What we don’t know are the basic facts about this latest officer-involved shooting. It took two days for authorities to release an incomplete account of what happened, and it was only when one of the officers who responded was interviewed by the state Bureau of Criminal Apprehension that a somewhat fuller picture emerged.

It goes without saying that every officer-involved shooting is different. The setting, circumstances, people involved, media attention, the public reaction - there’s no comparing the killings of Jamar Clark, Philando Castile and Justine Damond in any meaningful way, other than to say all are tragedies, all could have been averted and that justice must be done for the victims.

Damond was simply being a good citizen. She called 911 late that night to have police check out what sounded like a possible assault in the alley behind her home, in a quiet, well-kept Minneapolis neighborhood. A half-hour later, she was dead, shot by a relatively inexperienced police officer for reasons unknown.

The officer, Mohamed Noor, hasn’t made a public statement and has declined to be interviewed by the BCA. That’s baffling to many people, and one reason we know so little about what happened, but there are others. The officer who was driving the squad car, Matthew Harrity, was interviewed and his account has been made public, but neither officer had their body cams activated, nor was the dashboard cam. Those were critical errors of judgment and reason for the city and state, as Gov. Mark Dayton has said, to review implementation of camera policies.

Ten days after the killing, we know only that Noor fired the shot that killed Damond, but not how or why. Did he panic? Was he startled by the “loud noise” that Harrity, also an inexperienced officer, said was heard just before they encountered Damond in the alley? Was it an accident?

We don’t know and perhaps won’t know for weeks or months. Noor can be fired if he doesn’t talk to police investigators, but otherwise it’s up to the Hennepin County attorney and perhaps a civil court to find out why he fired the gun.

That’s unacceptable. The officer has constitutional rights not to incriminate himself, and the police and prosecutors clearly don’t want to compromise any criminal case that may be brought. But the public has a right to know in a more timely way what happened in that alley on July 15. This incident goes to the heart of the public’s trust in police, and it’s not enough for the police chief to say, five days after the fact, that “this should not have happened.”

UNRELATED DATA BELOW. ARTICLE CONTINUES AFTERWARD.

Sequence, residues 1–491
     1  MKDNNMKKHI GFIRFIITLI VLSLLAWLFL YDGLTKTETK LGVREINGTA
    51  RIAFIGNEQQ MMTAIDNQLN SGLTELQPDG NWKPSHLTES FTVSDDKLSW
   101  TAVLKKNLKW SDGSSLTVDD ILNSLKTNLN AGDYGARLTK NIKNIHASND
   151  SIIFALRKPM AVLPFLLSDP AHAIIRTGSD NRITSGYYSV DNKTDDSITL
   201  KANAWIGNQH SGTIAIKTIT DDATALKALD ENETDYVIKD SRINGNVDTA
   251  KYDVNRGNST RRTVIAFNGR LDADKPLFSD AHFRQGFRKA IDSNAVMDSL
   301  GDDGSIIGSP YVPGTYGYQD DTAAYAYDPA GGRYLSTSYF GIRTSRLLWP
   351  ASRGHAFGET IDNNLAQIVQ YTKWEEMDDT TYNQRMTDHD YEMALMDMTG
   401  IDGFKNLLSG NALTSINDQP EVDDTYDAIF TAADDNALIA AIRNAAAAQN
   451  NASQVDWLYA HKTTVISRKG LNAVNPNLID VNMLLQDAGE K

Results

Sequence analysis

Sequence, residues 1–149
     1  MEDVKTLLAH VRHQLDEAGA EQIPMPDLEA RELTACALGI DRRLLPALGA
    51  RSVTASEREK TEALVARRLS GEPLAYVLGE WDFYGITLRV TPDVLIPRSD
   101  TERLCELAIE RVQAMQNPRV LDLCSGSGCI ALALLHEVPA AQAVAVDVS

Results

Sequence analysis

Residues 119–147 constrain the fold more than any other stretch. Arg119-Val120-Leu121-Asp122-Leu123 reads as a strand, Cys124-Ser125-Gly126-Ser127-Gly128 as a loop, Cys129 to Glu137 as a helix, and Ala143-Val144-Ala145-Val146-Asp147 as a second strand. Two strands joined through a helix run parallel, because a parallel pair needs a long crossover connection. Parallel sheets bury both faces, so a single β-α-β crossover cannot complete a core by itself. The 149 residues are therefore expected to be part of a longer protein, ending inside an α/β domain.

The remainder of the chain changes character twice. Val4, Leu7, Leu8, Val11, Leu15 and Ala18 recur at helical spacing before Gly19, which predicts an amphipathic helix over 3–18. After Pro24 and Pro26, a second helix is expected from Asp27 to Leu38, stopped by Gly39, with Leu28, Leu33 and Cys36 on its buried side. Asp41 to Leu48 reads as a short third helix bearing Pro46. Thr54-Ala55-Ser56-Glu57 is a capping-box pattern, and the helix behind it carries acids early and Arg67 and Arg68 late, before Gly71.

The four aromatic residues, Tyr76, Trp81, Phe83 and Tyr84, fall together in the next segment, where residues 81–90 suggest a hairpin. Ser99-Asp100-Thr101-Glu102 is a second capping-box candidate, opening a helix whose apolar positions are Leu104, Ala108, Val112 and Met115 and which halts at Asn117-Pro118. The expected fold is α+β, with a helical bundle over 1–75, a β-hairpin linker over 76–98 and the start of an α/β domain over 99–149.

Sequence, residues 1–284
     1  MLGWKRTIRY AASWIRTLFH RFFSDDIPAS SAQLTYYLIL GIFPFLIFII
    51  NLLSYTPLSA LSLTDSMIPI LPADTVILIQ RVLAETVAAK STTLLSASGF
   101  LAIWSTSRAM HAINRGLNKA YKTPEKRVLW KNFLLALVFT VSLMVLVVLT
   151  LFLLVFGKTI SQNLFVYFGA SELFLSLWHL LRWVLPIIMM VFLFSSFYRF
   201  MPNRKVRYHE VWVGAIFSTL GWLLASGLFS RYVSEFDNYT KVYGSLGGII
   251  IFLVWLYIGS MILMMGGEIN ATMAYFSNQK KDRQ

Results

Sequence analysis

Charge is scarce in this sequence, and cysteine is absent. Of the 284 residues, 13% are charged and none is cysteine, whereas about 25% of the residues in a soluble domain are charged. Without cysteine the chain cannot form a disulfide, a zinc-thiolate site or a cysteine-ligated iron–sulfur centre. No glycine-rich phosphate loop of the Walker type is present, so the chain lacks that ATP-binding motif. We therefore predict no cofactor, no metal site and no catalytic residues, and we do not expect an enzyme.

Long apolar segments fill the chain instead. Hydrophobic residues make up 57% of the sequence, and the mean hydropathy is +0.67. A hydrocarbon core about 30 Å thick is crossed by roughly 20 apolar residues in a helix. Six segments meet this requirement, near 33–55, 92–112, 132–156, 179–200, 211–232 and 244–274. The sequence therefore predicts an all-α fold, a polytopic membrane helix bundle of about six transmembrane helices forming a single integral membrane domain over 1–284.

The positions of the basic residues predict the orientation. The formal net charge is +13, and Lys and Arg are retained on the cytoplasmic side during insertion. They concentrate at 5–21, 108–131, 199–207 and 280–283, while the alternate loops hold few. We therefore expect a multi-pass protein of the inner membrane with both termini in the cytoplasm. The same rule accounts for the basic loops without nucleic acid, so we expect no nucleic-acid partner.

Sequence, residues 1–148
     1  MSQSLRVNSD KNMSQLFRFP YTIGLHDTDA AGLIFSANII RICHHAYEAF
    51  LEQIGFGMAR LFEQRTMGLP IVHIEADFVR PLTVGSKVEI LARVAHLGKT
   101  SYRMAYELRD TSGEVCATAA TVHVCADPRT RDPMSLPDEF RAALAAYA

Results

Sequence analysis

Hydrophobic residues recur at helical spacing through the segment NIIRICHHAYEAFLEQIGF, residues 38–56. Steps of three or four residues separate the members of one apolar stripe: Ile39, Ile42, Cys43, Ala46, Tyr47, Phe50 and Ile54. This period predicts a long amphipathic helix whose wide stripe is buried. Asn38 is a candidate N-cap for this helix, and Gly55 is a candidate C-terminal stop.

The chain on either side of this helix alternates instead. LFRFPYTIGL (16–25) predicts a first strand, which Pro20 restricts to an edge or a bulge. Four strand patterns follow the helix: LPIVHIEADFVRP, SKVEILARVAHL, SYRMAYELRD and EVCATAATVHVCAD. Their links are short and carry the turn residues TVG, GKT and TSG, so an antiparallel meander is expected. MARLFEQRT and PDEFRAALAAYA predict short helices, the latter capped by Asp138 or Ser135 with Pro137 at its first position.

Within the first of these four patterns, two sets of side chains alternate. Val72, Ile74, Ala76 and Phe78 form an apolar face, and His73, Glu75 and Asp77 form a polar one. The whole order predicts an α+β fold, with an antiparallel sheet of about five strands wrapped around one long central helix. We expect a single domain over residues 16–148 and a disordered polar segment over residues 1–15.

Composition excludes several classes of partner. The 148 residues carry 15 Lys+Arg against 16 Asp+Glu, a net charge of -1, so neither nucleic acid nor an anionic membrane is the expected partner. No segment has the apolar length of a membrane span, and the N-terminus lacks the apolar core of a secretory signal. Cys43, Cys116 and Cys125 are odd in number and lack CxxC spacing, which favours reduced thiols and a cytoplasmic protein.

The chief, in her statement Thursday, claimed to know enough about the incident to say it wasn’t the result of a failure of training or of hiring. “This is about an individual officer’s actions. It is not about race or ethnicity,” she said. “We have a very robust training and hiring process. This officer completed that training very well, just like every officer. He was very suited to be on the street.”

It’s impossible to know whether any of that is true. Hopefully we’ll know eventually, but the police, prosecutors and BCA deserve all the criticism they’re getting for the limited and lagging public information that’s been released.

There are reasons why this incident became an international story, chief among them how bizarre and unexplained it is. There were no other weapons, no violence or chaos at the scene, one officer apparently could have shot the other - and the victim had a powerful, compelling personal story, with made-for-TV hooks.

This much is clear, from what authorities have said: Damond was killed by police for no reason. She’s not the first nor the last victim of whom that could be said. It’s our job, in the news media and as citizens, to say this has to stop.

More cops, more equipment, more body cams and fail-safe policies, better hiring and training, more community outreach, more aggressive management and discipline - whatever it takes, the public should demand it.

Police officers have incredibly difficult and dangerous jobs, and in potentially lethal situations an officer has to decide whether it’s better to be judged by 12 people or carried by six. It’s a tough job, but there’s no margin for error when people’s lives are at stake.

The public is right to be outraged and intolerant of errors that kill.